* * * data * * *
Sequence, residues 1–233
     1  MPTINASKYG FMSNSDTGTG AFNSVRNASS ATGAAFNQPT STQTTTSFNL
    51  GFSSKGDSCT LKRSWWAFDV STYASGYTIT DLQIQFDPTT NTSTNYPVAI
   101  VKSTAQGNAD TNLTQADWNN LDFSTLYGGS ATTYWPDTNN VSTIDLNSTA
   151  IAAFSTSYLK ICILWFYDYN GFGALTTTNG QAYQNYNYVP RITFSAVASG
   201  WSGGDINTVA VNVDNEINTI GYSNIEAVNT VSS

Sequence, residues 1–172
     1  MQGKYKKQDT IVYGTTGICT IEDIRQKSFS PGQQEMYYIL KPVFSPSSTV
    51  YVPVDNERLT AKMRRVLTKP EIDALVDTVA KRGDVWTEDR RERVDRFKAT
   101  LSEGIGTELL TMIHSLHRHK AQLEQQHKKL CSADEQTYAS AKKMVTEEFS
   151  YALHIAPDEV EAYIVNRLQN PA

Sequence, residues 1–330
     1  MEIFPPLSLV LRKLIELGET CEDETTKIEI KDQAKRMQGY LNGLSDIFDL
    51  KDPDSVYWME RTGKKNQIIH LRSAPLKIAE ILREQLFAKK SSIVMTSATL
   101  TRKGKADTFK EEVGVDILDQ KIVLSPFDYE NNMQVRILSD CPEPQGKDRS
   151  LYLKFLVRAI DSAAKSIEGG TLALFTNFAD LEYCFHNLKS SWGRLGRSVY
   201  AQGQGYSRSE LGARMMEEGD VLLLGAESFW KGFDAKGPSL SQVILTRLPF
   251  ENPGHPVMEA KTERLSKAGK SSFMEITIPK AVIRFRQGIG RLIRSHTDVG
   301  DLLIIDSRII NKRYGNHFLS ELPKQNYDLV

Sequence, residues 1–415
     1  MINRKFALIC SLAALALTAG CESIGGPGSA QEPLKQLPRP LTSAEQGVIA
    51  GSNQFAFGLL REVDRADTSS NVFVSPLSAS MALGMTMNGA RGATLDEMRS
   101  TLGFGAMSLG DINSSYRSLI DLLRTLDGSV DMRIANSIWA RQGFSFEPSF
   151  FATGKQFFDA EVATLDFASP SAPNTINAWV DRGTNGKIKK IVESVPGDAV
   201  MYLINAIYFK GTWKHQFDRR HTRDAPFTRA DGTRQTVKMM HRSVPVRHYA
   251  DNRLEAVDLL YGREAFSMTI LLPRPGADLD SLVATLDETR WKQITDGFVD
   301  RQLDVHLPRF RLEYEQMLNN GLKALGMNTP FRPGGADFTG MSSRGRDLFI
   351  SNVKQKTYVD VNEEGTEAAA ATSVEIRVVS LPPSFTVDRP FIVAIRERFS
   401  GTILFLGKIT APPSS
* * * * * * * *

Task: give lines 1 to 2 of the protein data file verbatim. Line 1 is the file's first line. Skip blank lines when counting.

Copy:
Sequence, residues 1–233
     1  MPTINASKYG FMSNSDTGTG AFNSVRNASS ATGAAFNQPT STQTTTSFNL